Reservoirs are rare in southwestern Kansas. As early as 1925, residents of the small town of Meade realized that having the only lake and park around would probably be a boon to local businesses. That year, the state legislature had created the Kansas Forestry, Fish, and Game Commission with the power to construct lakes and parks. Meade businessmen scrambled to attract the commission’s attention.
Warm hospitality, a good dinner, and an inspection of the area that fall served to convince the new commission that a recreational lake would be very beneficial to the dry land. The idea was approved in short order, although it took until March 1927 to finish the process of buying the land. The site chosen was naturally wet thanks to many springs, making it a logical choice for the proposed oasis on the High Plains.
Construction on the lake began later that same year. The grand opening was held on June 5, 1929, but this event was surpassed by the official opening day of fishing, when thousands of people congregated on the shore to cast their lines. Lake Meade became the first state fishing lake in Kansas.
Many changes have since occurred at Lake Meade. The pasture for buffalo and elk once raised near the lake has been replaced with a wildlife area. Heavy irrigation nearby has stopped the flow of many of the springs. The state park has been added to better manage the recreational opportunities.
Today, Meade State Park is the only state park in southwestern Kansas.
- Take eastbound U.S. Highway 54 out of Liberal for about 12 miles.
- Turn right on Meade Lake Road and continue for about 15 1/2 miles. (Meade Lake Road will become V Road after 5 1/2 miles.)
- At the fork in the road, keep left to stay on V Road and continue for about 1 3/4 mile.
- Watch for the state park entrance on the right.
Although located in the High Plains region, Meade State Park is not quite as typical of the area as one might think. Level shortgrass prairie surrounds the park, but the lake has permitted the growth of a variety of trees. Wildflowers are also on display seasonally.
Being one of the few places in southwestern Kansas with a sizable body of water, Meade State Park attracts some interesting wildlife. The birdwatching is diverse, with rare species occasionally finding their way to this oasis. Besides the usual birds attracted to the trees and marsh, watch for less common finds like the brown pelican and the Mississippi kite. But don’t stop with birdwatching. Look for other unusual animals like the Arkansas darter fish, found in spring-fed streams.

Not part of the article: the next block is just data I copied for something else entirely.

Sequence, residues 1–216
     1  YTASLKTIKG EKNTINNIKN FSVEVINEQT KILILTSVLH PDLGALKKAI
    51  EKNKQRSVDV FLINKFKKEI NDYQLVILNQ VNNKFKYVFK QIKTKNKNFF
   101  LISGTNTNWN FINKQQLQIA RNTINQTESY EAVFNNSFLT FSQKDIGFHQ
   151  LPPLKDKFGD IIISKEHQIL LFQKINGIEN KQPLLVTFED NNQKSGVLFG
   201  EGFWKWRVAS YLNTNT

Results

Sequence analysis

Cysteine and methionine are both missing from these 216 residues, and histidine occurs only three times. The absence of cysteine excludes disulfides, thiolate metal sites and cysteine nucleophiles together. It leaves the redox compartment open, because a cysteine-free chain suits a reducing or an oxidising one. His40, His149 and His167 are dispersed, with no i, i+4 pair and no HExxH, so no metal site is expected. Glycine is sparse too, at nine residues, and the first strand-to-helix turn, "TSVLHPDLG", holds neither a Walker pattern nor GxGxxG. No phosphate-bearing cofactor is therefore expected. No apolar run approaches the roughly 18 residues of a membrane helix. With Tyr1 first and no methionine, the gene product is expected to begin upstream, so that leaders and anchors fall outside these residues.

Meade State Park offers little room for hunting compared to some of the other Kansas state parks. However, dove and quail hunting is fairly productive. Some hunters may be lucky enough to find rabbit, waterfowl, turkey, or deer.
Lake Meade is an excellent fishing destination. Crappie is king, but bluegill, channel catfish, and largemouth bass are also readily available. For a special treat, try fishing for trout during the winter. The lake is stocked from November through March.
Please note that special boating regulations apply at Lake Meade due to its small size. Motorized boats are to be used for fishing purposes only, and they must be operated at no-wake speeds.
Hiking Trail: If you want to get out and walk, a half-mile linear trail skirts the northwestern part of the lake. This path will take you past some of the best places to watch for animals and wildflowers.
For an example of an artesian well, stop by Artesian Well Campground west of the lake. It’s one of the few artesian wells left in the area, with an estimated flow of 5 gallons per minute. The water comes from the Ogallala Aquifer and is forced out by pressure—no pumping required.
By appointment, you can take a tour of Meade Fish Hatchery, built in the 1930s. This hatchery raises walleye, grass carp, hybrid sunfish, channel catfish, and both largemouth and smallmouth bass. You will probably see the most fish from April through June.
Meade State Park
Information to help you plan your trip. A brochure is also available for download.
More information about the history, structure, and practices of the fish hatchery.